My personal thoughts on this are that SmartPhones are great
if you just want to read your E-mail or check your calendar, but they aren’t
really suitable for replying to E-mail messages or composing new messages,
because data entry is so tedious. Admittedly though, these are just my own personal
views. I have seen other people compose text messages using the buttons on
their phone just as easily as if they were using a computer keyboard. If you’re
used to sending lots of text messages, then using the buttons on the SmartPhone
to enter data probably won’t bother you.

Both Pocket PCs and SmartPhones support the use of external
keyboards. However, there are only a few different external keyboards on the
market, so the selection is slim. External keyboards also tend to make the
devices seem a bit less portable. After all, who wants to have to carry around
a keyboard and plug it up every time you want to compose an e-mail?


I’ve already talked a little bit about how Pocket PCs and
SmartPhones differ in hardware, but there are other considerations to take into
account as well. Pocket PCs generally have more memory and faster processors
than SmartPhones because of their larger size and because they don’t have to
cram phone hardware into the package. For example, it isn’t uncommon for a
Pocket PC to have 128 MB of RAM. In contrast, some SmartPhones have as little
as 8 MB of RAM.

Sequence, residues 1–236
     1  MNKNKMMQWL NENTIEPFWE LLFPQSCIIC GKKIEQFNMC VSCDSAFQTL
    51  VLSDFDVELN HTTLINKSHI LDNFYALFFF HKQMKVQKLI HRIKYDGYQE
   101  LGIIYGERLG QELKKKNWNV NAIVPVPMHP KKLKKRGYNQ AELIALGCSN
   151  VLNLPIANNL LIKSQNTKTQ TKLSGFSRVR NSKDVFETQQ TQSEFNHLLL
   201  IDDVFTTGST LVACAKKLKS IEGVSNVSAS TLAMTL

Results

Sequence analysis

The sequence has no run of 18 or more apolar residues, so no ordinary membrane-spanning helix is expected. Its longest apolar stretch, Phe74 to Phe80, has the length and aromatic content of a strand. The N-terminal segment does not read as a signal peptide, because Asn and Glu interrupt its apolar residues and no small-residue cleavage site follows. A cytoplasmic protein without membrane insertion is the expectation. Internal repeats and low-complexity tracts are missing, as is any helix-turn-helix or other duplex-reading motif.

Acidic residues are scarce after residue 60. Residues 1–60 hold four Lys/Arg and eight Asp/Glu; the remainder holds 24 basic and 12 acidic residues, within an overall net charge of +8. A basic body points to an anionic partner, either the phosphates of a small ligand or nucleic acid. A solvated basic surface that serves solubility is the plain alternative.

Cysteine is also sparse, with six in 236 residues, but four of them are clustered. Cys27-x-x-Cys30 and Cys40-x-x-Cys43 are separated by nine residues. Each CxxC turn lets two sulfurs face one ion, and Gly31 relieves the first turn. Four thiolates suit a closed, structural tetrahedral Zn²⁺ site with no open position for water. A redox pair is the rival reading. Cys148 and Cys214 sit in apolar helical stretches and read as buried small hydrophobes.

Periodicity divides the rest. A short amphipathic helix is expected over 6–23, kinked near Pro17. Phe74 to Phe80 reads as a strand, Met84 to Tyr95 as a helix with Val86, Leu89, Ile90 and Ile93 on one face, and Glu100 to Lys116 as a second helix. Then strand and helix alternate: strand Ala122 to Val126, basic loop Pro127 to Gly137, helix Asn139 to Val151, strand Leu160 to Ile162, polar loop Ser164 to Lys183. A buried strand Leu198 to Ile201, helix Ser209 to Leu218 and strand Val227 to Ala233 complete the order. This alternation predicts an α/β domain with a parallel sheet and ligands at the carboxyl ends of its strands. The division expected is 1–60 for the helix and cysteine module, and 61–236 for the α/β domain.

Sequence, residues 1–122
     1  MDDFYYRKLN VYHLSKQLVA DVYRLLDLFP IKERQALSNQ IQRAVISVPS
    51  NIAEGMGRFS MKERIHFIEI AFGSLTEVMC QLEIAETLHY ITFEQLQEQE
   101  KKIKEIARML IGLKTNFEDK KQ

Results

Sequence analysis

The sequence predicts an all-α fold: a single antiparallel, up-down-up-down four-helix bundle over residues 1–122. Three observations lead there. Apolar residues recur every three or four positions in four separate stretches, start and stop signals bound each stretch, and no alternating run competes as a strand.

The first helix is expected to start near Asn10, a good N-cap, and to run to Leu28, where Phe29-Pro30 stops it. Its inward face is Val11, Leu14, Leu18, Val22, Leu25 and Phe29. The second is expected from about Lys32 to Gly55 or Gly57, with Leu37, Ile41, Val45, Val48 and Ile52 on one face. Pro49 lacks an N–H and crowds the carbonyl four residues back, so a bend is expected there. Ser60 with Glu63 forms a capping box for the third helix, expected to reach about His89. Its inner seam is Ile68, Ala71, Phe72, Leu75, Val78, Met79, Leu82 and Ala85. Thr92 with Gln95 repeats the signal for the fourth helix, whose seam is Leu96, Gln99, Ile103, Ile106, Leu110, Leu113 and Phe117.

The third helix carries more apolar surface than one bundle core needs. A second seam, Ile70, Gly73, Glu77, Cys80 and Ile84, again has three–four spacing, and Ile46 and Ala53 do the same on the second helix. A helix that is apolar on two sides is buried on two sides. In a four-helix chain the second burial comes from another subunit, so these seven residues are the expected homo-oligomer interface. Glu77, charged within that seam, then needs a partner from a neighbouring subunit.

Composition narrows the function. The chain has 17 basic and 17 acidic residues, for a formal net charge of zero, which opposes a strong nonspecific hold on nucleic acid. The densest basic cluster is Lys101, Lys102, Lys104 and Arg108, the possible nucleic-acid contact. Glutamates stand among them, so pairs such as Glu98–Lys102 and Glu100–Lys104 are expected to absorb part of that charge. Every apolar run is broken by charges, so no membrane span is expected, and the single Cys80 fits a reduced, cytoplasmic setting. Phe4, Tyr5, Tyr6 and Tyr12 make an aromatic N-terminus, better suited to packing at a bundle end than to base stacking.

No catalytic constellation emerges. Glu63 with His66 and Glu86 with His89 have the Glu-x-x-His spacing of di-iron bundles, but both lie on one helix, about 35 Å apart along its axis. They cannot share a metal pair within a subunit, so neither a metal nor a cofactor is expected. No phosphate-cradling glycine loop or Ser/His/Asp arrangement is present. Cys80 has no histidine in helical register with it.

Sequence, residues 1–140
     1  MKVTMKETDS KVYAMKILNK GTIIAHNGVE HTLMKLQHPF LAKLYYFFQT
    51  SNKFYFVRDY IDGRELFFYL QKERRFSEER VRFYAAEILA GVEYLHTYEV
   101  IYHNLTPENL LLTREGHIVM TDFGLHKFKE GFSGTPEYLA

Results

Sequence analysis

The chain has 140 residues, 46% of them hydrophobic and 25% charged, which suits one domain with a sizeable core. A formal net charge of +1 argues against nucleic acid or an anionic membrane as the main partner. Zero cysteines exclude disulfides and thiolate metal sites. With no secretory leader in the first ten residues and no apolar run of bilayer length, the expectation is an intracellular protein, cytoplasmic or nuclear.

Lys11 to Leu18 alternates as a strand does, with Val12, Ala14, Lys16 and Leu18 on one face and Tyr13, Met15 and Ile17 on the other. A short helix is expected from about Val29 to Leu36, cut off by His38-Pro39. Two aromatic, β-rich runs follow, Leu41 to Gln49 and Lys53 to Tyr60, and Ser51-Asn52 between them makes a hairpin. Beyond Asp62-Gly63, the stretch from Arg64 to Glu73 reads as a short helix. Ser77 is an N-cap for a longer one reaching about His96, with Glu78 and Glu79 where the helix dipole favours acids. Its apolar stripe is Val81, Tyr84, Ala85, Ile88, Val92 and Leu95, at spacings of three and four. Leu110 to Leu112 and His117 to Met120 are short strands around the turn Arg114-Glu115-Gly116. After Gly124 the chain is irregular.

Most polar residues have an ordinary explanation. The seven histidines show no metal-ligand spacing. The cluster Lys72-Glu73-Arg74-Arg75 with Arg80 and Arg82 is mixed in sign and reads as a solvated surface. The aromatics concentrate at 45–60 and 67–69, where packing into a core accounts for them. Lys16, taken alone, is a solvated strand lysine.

Pocket PCs also tend to be expandable. Most Pocket PCs will
allow you to gain additional storage through the use of compact flash memory
cards or Secure Digital (SD) cards. SmartPhones support SD cards and SD
devices, but at the moment there are some compatibility issues that have yet to
be resolved, so not every SD device will work with a SmartPhone.


As I’ve explained, SmartPhones have much more modest hardware
than Pocket PCs. It should therefore come as no surprise that SmartPhones can’t
run nearly as many applications as Pocket PCs can.

By default, Smart Phones do come with a basic set of
applications including Inbox, Calendar, Internet Explorer, ActiveSync, MSN
Messenger, Pocket MSN, Tasks, Voice Notes, and Windows Media. There is also a
calculator and a couple of games.

Pocket PCs include the same basic set of applications as
SmartPhones, plus a lot more. The most noteworthy addition is a Pocket version
of Microsoft Office. I have always found Pocket Office to be one of the Pocket
PC’s best features. Being that I am a full time technical writer, I have used
the pocket version of Microsoft Word to review changes that an editor has made
to a document while I am on the go. I recently also used Pocket Word to compose
an entire article while I was on a flight home from Tokyo. Sure, a laptop would have been better,
but it was a fifteen hour flight and the battery in my laptop only lasts for
about four hours.

In addition to the differences in applications included with